Phenotypes are also affected by environmental factors. For example, an individual having the necessary allele(s) for height (genetic factor) does not necessarily mean that they will be tall, as height is also influenced by proper diet and exercise (environmental factor). This suggests that a genotype will not always result in the same phenotype i.e. there are several phenotypes for one genotype.
Another side to the example given above is that an individual without the alleles for height can still be tall given the proper combination of environmental factors. This means that one phenotype is not coded for by one genotype. Other complex phenotypes e.g. body weight, skin colour, behaviour, susceptibility to disease, etc. are also coded for by several genotypes; they are said to be polygenic.
The phenotype is an observable or identifiable trait that is coded for by the genotype. This could be biochemical or physical. Phenotypes are not completely defined by the genotype. Other factors such as the environment can affect the observable traits. An example of this would be "two people with a genetic risk of lung cancer; if one smokes and the other does not, the smoker is much more likely to develop the disease". Examples of phenotypes could be: hair colour, eye colour, skin colour. Environmental factors can affect phenotypes, for example, skin colour can vary greatly with different levels of exposure to UV light from the sun causing darkening of the melanin. Phenotype is also dependent on the type of allele that is expressed: whether it is dominant or recessive. Also the phenotype can be a blend of phenotypes which is known as incomplete dominance or both phenotypes expressed which is known as co-dominant.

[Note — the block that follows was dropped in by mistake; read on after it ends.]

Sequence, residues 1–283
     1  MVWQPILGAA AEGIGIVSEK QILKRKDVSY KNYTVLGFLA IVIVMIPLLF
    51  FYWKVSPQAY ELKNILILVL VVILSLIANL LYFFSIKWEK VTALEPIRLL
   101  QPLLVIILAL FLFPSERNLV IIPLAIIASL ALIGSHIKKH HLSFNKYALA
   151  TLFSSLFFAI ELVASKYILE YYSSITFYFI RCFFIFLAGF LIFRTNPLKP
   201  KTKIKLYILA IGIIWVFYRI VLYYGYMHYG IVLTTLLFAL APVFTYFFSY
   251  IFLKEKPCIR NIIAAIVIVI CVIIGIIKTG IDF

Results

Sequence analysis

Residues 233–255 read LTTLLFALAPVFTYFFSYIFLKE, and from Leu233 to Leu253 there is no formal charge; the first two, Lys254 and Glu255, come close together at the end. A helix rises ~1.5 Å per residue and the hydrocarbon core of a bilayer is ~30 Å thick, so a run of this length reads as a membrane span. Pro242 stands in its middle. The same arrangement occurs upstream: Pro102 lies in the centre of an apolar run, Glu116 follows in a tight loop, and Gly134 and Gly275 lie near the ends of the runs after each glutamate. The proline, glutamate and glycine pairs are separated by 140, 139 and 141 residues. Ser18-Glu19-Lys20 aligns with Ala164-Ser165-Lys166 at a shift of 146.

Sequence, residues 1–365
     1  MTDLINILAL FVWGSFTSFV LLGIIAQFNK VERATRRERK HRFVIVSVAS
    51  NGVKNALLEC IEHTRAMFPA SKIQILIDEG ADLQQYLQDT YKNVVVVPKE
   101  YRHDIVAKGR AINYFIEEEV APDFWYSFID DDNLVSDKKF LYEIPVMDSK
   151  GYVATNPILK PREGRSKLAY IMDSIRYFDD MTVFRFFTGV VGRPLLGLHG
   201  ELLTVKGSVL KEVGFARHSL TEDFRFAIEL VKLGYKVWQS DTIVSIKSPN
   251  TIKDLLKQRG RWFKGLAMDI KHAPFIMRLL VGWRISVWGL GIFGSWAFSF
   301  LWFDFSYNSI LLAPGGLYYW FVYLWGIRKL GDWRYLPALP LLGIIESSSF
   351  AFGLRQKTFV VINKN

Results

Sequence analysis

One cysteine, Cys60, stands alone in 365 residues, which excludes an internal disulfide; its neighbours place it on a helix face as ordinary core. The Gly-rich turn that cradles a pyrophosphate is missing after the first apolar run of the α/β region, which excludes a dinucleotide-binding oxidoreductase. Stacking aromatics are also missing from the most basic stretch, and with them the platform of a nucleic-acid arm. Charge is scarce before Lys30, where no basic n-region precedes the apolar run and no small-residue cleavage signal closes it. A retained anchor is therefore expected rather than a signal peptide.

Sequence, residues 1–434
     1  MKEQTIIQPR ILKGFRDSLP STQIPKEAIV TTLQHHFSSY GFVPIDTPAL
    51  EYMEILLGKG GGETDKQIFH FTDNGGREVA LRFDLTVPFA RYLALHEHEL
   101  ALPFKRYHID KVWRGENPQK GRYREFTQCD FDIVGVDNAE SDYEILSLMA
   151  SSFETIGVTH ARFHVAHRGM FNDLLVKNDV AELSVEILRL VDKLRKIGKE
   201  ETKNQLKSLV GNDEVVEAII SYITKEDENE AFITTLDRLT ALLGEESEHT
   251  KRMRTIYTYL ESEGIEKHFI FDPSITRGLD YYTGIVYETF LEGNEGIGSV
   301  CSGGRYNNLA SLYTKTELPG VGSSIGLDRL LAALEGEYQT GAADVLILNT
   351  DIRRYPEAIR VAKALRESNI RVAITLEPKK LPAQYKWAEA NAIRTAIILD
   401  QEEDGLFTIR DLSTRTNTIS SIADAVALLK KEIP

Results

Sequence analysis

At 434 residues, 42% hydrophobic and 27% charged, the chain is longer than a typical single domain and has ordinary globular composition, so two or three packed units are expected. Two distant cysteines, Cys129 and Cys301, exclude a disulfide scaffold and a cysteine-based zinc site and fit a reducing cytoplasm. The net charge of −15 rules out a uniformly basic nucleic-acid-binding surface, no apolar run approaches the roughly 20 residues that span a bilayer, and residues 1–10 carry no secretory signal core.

- ↑ Hartl D.L, Jones E.W. (2009) Genetics Analysis of Genes and Genomes, Seventh Edition, Massachusetts: Jones and Bartlett Publishers, Inc.
- ↑ Hartl, D (2012). Genetics, Analysis of Genes and Genomes. 8th ed. USA: Jones and Bartlett Learning. p63.